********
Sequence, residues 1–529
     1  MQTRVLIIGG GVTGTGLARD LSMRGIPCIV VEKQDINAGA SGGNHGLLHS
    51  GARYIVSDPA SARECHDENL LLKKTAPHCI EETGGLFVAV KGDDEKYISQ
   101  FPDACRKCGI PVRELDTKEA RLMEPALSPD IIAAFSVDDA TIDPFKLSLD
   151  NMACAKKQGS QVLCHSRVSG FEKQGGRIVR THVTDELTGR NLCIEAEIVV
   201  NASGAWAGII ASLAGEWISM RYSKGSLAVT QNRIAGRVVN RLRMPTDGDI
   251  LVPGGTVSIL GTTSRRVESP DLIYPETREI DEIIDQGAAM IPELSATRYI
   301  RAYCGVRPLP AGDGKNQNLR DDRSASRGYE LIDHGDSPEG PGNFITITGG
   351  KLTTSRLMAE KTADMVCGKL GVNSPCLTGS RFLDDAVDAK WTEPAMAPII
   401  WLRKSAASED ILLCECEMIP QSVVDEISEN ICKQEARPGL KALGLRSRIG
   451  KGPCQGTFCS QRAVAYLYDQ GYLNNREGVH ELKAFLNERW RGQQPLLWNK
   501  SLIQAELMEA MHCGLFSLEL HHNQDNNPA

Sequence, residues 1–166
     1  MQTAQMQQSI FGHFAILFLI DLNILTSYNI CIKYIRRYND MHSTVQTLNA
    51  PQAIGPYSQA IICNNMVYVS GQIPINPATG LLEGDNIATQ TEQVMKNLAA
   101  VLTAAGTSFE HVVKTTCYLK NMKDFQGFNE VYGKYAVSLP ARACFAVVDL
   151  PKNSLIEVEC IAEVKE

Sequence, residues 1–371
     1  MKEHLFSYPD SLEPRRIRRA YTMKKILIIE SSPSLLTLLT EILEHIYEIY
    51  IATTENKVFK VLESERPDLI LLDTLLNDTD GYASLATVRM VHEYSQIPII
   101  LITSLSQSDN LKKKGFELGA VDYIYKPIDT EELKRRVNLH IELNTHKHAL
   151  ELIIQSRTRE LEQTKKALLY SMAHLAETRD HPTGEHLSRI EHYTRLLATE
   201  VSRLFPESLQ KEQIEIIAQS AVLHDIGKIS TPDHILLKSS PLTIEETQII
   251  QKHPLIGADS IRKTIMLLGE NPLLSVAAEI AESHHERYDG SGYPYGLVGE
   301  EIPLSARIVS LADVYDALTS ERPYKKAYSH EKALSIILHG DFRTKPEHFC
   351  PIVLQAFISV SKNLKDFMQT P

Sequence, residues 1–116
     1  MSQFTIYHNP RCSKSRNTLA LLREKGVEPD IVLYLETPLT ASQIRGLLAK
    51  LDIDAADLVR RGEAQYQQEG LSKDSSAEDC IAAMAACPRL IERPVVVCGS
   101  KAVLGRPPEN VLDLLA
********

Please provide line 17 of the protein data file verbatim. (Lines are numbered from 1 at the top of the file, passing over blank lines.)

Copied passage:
   151  PKNSLIEVEC IAEVKE